The Windmill Restaurant and Grandma are irrevocably tied together. I never went there without her.

There were other downtown attractions; during the holidays, Lytle Park had a “live” nativity scene that was a “must” if you were downtown. Lytle Park, as I remember it, no longer exists*. When the Freeway, Interstate I-71, was built in the mid 1960s. significant changes were made to the area. A tunnel was built under the park; the original Lytle Park had to be dismantled/demolished. After I-71 construction, the park was reconstructed, and “One Lytle Place” (a luxury nigh-rise apartment building) was constructed.

Another favorite event during my childhood was the circus. The only circus I know anything about was one that came to town, to the downtown area. This was the Shrine  Circus and our Uncle George gave us free tickets to go. I went there with my two younger brothers. We didn’t have any money for caramel corn or soft drinks, but it was enough just being there.

We went to the Policemen’s Picnic once a year and it was not uncommon for families to pack up a supper and go to one of the parks located in Cincinnati’s many forest areas—there was Winton Woods and Mt. Airy Forest, just to name two.

Cincinnati has a fine zoo and sometimes you might go with Grandma to the zoo, just to walk around. There are many other fine places to visit in Cincinnati, such as the museums.  What I have described to you, however, are the places I was familiar with as a child

Cincinnati  has, for many decades, been a city of great activity and prosperity. By 1830 it was the 6th largest city in the United States. In a book titled “CINCINNATI, A PICTORIAL HISTORY” by Marilyn Green and Michael Bennett, the authors tell us that “increasing numbers of steamboats were built here, and the huge pork-packing industry gave the city the name of “Porkupolis”, one result of this highly successful business being the common sight of herds of pigs being driven through the streets a long time ago. Many of today’s great businesses were founded, such as Procter & Gamble; showboats docked at public landings and theatres opened their doors to increasingly elegant crowds who were entertained by everything from Shakespeare to grand opera…”

It was during this period (1820-1865) that many illustrious visitors and residents arrived  at the Queen City. Harriet Beecher Stowe came with her amazing father, the head of Lane Seminary; Lafayette came and was nearly killed with hospitality; Charles Dickens praised Cincinnati warmly, and Horace Greeley compared it favorably with California. Jenny Lind produced the hysterical enthusiasm that marked her American tour and Stephen Foster worked and composed in the city. A runaway boy who would become famous as Mark Twain boarded a steamboat for New Orleans from the Cincinnati public landing. Thomas Edison was here, and it was he who received the telegraphed news of Lincoln’s assassination. I was bemused to think that Mark Twain boarding a steamboat at the public landing. I remember the public landing and boarding a steamboat to ride up the river to Coney Island (Cincinnati’s version of the famed amusement park).

But mostly, when I think about Cincinnati, I think about good food and recipes and cookbooks.  I think good cooking must be pretty much taken for granted in my hometown and I was nonplussed when I began removing Cincinnati and greater Cincinnati cookbooks from my shelves, to discover just how many cookbooks I have that are devoted to just this one city.

You may recall (I’ve mentioned it a time or two) that the very first community cookbook in my collection was purchased by my father from a co-worker at Formica, in 1961. Its full title is “50th Anniversary Cookbook Women’s Guild Matthew’s United Church of Christ”  I think my father paid a dollar each for several copies – one for me, one for my sister Becky and one for my mother. It’s always been one of my favorite cookbooks—if nothing else it amuses me to think that daddy had NO IDEA what he was starting when he bought that book for me. Until then, I had never seen any community (or church or club) cookbooks; I had no idea they even existed. A few years later I began to make a serious effort to find other Cincinnati cookbooks. When I began making trips back home with my children in the summertime, my young brother and I began making trips to Acre of Books, in downtown Cincinnati. I rarely made it beyond the cookbook section.  One of the oldest  cookbooks in my collection is a ring-bound book, sans covers, titled “TESTED RECIPES – CALVARY CHURCH, CLIFTON, OHIO.” (Clifton is a suburb of Cincinnati) It’s missing a publishing date, also, and clippings fal out of it whenever I pick the book up—oh, but I love this old cookbook with or without the covers. The former owner inserted pages of her own handwritten recipes or recipes clipped from newspapers and pasted inside.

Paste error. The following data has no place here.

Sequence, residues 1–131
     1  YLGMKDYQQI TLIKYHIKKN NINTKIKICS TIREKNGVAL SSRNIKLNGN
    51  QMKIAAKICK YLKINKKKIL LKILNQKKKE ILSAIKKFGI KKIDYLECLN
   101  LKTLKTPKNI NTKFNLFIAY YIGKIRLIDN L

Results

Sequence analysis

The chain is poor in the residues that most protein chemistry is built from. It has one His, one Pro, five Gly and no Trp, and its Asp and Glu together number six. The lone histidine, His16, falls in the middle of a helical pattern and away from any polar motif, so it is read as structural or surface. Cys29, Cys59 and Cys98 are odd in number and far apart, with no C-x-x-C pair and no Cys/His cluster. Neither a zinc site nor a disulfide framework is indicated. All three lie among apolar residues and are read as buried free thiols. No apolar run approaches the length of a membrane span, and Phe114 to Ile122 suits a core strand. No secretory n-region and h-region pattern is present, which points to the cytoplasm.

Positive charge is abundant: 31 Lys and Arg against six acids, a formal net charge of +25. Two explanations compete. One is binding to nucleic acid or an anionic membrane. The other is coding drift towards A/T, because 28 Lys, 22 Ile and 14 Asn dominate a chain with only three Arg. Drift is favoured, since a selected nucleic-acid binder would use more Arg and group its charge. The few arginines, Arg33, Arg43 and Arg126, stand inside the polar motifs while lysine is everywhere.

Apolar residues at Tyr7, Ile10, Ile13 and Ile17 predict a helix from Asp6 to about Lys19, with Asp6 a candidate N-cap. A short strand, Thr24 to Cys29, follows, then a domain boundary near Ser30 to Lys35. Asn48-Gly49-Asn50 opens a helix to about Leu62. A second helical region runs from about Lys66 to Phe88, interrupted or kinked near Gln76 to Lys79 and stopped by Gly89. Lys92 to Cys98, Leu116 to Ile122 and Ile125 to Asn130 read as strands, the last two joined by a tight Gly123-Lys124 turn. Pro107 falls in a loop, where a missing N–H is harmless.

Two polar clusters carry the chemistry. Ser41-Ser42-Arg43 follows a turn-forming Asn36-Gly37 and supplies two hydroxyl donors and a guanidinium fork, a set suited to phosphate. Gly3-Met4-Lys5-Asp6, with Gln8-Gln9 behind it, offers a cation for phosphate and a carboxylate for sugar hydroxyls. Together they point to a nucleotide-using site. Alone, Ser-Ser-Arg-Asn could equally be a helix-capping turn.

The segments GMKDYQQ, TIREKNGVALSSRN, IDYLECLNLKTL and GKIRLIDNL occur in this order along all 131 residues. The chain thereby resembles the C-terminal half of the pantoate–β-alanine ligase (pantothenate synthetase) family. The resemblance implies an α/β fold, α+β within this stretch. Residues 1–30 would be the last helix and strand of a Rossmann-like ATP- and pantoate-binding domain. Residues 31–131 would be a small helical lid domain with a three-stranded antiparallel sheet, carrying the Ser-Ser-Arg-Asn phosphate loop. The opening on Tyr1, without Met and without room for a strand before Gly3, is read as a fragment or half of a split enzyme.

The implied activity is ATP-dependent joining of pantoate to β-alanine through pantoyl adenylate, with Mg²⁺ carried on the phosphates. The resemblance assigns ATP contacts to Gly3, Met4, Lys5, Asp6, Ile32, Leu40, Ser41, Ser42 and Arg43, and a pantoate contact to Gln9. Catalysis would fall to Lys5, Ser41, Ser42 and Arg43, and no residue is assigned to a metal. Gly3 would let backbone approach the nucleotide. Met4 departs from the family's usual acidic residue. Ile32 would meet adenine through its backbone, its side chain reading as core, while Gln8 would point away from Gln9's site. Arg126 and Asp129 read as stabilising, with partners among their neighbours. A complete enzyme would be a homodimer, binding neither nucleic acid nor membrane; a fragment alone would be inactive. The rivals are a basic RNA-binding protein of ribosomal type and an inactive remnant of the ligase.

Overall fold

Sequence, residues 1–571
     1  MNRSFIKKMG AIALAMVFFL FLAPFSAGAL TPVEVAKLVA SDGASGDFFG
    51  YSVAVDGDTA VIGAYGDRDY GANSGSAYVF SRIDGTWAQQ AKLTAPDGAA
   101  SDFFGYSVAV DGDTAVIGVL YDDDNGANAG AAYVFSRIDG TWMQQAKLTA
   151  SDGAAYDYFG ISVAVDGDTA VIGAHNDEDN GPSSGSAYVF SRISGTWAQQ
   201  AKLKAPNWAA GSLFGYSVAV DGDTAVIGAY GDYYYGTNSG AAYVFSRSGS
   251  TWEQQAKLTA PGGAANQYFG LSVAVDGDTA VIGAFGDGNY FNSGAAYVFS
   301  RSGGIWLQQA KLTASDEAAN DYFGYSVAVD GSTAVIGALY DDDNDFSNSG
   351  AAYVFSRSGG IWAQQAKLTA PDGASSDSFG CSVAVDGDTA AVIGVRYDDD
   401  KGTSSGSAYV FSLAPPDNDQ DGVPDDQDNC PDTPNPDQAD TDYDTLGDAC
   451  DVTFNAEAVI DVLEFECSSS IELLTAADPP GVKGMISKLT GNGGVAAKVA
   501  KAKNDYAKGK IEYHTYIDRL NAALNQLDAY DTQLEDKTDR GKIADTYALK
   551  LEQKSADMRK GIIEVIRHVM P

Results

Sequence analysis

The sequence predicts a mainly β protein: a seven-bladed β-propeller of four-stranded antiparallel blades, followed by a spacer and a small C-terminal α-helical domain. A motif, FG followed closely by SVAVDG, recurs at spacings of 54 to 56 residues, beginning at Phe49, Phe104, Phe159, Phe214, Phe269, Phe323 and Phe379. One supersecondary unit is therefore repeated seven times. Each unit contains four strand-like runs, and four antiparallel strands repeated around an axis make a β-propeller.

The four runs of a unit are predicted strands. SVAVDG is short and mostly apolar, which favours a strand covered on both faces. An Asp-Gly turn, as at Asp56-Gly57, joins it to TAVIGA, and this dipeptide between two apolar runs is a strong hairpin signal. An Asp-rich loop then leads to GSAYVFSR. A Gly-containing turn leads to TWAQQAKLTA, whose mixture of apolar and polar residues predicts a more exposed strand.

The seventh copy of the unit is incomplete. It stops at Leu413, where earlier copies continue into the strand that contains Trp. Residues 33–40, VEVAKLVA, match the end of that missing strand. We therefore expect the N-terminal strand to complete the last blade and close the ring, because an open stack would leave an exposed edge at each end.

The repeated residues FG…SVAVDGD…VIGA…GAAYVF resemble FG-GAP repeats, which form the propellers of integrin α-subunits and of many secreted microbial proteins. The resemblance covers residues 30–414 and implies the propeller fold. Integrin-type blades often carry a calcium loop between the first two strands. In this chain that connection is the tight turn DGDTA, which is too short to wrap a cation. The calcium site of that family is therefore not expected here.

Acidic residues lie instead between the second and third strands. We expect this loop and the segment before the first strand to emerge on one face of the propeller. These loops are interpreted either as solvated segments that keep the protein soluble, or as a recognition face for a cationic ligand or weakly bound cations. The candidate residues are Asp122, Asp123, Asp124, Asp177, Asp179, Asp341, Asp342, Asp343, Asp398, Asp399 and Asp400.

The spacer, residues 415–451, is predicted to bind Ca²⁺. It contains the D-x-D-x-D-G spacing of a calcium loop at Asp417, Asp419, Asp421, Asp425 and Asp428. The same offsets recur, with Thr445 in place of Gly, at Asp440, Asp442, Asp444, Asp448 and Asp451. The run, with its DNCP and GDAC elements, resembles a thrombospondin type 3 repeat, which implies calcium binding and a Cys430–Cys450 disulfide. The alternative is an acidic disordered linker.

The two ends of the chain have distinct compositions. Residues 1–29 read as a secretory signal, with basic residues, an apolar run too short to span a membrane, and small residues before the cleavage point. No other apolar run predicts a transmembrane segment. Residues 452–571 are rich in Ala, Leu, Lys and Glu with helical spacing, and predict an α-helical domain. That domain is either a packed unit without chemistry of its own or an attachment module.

Perhaps preceding this is a book in my collection titled “KEY TO THE CUPBOARD”  compiled by the Daughters of Veterans (as in the Civil War, 1861-1865) Like so many other old cookbooks, this one is undated; judging by the ads, I would guess it to be published in the early teens—sometime before World War I There is a full page ad titled Mrs. Abraham Lincoln Tent No. 14, and below that DAUGHTERS OF VETERANS 1861-1865, followed underneath by MEETINGS HELD AT MEMORIAL HALL. At the bottom of the page is written “Our Object To Aid and Assist the needy Veterans; to care  for their Widows, and their Orphans, and to perpetuate the memory of the heroic dead, and at the bottom CINCINNATI, OHIO. Amongst the ads is one for Rookwood Pottery. I found a recipe inside for Amber Soup, which was an interesting surprise—only recently I found a reference to Amber Soup while working on What’s Cooking in the White House Kitchen. I also found some recipes for “peach mangoes” and “Sweet Cucumber Mangoes”.  You may recall that I have written about “mangoes” before—it was a Cincinnati term for green bell peppers for many years—the transition from a pickled fruit to being called “mangoes” seems to have stayed strictly in the greater Cincinnati region.  (See “Stuff Mangoes or a Rose by Any Other Name”)